I’m often asked by customers and peers which distro to go with either Cloudera or Hortonworks. My answer will often be prefaced by a range of commentary including support options, resources in the market and who else is using which and how they are going on the journey. I’m in the enviable position to offer my views and recommendations backed by a deep understanding of multiple factors. However recently I’ve been challenging those asking me the question as to why they should hedge all their bets on a single vendor? After all if the differences aren’t too great then why not go with a dual vendor strategy?

    A single data lake versus multiple data lakes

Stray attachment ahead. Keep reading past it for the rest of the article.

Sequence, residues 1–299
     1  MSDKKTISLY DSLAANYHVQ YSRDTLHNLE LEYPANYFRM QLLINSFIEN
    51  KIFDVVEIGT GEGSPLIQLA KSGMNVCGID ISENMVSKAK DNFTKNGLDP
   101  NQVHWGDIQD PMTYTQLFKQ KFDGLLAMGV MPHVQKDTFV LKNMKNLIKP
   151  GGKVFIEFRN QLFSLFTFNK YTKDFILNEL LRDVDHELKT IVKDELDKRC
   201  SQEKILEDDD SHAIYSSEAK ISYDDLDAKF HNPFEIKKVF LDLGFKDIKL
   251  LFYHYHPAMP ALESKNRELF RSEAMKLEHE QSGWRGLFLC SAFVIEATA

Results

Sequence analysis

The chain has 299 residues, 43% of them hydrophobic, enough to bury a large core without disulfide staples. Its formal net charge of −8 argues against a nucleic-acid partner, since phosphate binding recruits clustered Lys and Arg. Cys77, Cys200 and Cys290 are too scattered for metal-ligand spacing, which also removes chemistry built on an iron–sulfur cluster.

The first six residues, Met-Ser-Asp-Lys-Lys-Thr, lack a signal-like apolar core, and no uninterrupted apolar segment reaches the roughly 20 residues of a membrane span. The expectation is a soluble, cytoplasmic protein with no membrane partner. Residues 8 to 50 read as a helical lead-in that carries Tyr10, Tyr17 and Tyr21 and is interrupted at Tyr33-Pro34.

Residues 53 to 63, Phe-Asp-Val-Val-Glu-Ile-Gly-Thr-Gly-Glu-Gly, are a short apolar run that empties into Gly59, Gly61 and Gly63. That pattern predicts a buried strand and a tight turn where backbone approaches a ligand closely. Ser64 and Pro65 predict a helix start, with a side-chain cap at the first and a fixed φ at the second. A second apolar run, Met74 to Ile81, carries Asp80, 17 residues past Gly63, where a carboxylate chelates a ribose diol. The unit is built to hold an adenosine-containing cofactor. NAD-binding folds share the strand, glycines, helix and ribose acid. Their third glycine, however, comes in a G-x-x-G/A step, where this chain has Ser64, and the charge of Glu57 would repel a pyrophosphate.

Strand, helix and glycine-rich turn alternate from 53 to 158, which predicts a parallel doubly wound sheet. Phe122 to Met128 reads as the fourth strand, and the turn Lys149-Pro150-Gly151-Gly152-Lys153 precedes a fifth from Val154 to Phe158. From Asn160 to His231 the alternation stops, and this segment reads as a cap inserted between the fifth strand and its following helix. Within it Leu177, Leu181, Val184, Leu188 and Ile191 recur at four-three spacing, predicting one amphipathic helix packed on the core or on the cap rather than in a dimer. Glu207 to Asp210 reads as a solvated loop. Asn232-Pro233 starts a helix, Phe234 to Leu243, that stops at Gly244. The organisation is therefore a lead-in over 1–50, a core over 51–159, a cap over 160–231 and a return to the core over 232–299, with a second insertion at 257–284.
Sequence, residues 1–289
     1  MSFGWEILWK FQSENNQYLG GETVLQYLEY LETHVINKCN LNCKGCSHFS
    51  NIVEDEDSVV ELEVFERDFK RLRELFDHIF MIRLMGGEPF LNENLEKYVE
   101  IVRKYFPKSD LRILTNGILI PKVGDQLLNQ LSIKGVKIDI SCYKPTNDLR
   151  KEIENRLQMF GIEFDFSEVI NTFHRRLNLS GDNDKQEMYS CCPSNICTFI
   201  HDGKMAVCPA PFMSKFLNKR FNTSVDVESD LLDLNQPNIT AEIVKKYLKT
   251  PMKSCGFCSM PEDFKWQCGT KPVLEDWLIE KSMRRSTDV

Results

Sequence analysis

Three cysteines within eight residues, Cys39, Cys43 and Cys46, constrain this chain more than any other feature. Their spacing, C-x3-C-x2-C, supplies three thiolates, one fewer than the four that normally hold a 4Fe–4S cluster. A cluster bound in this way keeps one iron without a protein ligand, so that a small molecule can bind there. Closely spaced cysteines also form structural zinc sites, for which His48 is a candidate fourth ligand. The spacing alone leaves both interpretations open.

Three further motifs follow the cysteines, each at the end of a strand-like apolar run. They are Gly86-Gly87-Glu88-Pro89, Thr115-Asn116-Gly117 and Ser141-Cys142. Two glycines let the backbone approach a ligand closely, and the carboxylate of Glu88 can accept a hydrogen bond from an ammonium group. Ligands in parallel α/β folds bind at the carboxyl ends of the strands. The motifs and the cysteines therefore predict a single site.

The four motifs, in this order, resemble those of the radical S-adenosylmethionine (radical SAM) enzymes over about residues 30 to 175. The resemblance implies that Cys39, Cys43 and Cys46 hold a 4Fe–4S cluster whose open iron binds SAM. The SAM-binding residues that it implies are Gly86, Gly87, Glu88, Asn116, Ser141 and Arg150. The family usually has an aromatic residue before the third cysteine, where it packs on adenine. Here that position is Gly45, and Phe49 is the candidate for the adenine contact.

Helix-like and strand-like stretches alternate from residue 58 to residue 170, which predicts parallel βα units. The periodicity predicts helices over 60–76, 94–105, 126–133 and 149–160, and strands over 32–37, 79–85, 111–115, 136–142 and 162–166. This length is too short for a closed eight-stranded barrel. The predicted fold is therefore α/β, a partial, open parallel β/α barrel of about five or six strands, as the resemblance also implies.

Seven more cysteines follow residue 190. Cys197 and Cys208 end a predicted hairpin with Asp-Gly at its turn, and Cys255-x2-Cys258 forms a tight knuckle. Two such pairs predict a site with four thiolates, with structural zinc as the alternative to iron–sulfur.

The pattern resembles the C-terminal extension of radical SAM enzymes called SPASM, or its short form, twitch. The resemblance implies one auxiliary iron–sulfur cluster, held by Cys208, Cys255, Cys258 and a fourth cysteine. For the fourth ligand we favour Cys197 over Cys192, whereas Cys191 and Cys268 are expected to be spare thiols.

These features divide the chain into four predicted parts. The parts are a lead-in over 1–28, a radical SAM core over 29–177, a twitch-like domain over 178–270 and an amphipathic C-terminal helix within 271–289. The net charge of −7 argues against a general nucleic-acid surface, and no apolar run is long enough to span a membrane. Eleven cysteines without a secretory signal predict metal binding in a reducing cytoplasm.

If you’ve heard of the concept of the data lake then you know it’s the approach of landing data of all shapes and sizes onto a low cost no schema environment. The data lake is then used to refine data and serve up to multiple analytic environments such as a data warehouse, SAS or Teradata’s Advanced Analytics platform Aster. The common approach in deploying a data lake thus far has been a single data lake for the organisation. This design approach is similar to the mindset in the 90’s with data warehouses where we would build a single warehouse that would be all things to all people. In modern times we now have some customers with multiple data warehouses with the primary driver being the requirement for separation of data and workloads. Especially in government we see a need for a data warehouse to store highly classified datasets and to keep them physically separated from other datasets. Take this design and now apply it to the data lake concept. Whilst a single data lake has the merits of storing all of the data under one roof handling different workloads and different security rights the reality is that it can quickly become a data management nightmare. The driver for having multiple data lakes is not a technology driver but rather driven by corporate needs for isolating different workloads, data security requirements, country boundaries, and corporate divisions.